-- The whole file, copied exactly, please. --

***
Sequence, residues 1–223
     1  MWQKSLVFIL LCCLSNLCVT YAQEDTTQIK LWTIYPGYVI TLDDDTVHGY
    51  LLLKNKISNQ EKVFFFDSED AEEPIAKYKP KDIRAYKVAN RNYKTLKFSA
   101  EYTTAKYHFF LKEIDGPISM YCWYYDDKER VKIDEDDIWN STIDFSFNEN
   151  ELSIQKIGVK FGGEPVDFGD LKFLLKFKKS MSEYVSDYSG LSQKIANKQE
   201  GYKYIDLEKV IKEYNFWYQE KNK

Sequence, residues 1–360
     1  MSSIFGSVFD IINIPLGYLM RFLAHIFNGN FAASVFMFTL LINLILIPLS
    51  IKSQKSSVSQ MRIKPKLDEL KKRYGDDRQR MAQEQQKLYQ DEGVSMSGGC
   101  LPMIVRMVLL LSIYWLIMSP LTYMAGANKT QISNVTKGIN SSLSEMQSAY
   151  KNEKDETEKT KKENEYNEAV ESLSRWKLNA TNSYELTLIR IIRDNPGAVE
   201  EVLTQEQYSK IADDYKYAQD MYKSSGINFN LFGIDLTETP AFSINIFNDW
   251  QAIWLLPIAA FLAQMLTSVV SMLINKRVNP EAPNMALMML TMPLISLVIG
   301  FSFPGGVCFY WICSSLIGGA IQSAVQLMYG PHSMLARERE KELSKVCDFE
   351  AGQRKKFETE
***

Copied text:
Sequence, residues 1–223
     1  MWQKSLVFIL LCCLSNLCVT YAQEDTTQIK LWTIYPGYVI TLDDDTVHGY
    51  LLLKNKISNQ EKVFFFDSED AEEPIAKYKP KDIRAYKVAN RNYKTLKFSA
   101  EYTTAKYHFF LKEIDGPISM YCWYYDDKER VKIDEDDIWN STIDFSFNEN
   151  ELSIQKIGVK FGGEPVDFGD LKFLLKFKKS MSEYVSDYSG LSQKIANKQE
   201  GYKYIDLEKV IKEYNFWYQE KNK

Sequence, residues 1–360
     1  MSSIFGSVFD IINIPLGYLM RFLAHIFNGN FAASVFMFTL LINLILIPLS
    51  IKSQKSSVSQ MRIKPKLDEL KKRYGDDRQR MAQEQQKLYQ DEGVSMSGGC
   101  LPMIVRMVLL LSIYWLIMSP LTYMAGANKT QISNVTKGIN SSLSEMQSAY
   151  KNEKDETEKT KKENEYNEAV ESLSRWKLNA TNSYELTLIR IIRDNPGAVE
   201  EVLTQEQYSK IADDYKYAQD MYKSSGINFN LFGIDLTETP AFSINIFNDW
   251  QAIWLLPIAA FLAQMLTSVV SMLINKRVNP EAPNMALMML TMPLISLVIG
   301  FSFPGGVCFY WICSSLIGGA IQSAVQLMYG PHSMLARERE KELSKVCDFE
   351  AGQRKKFETE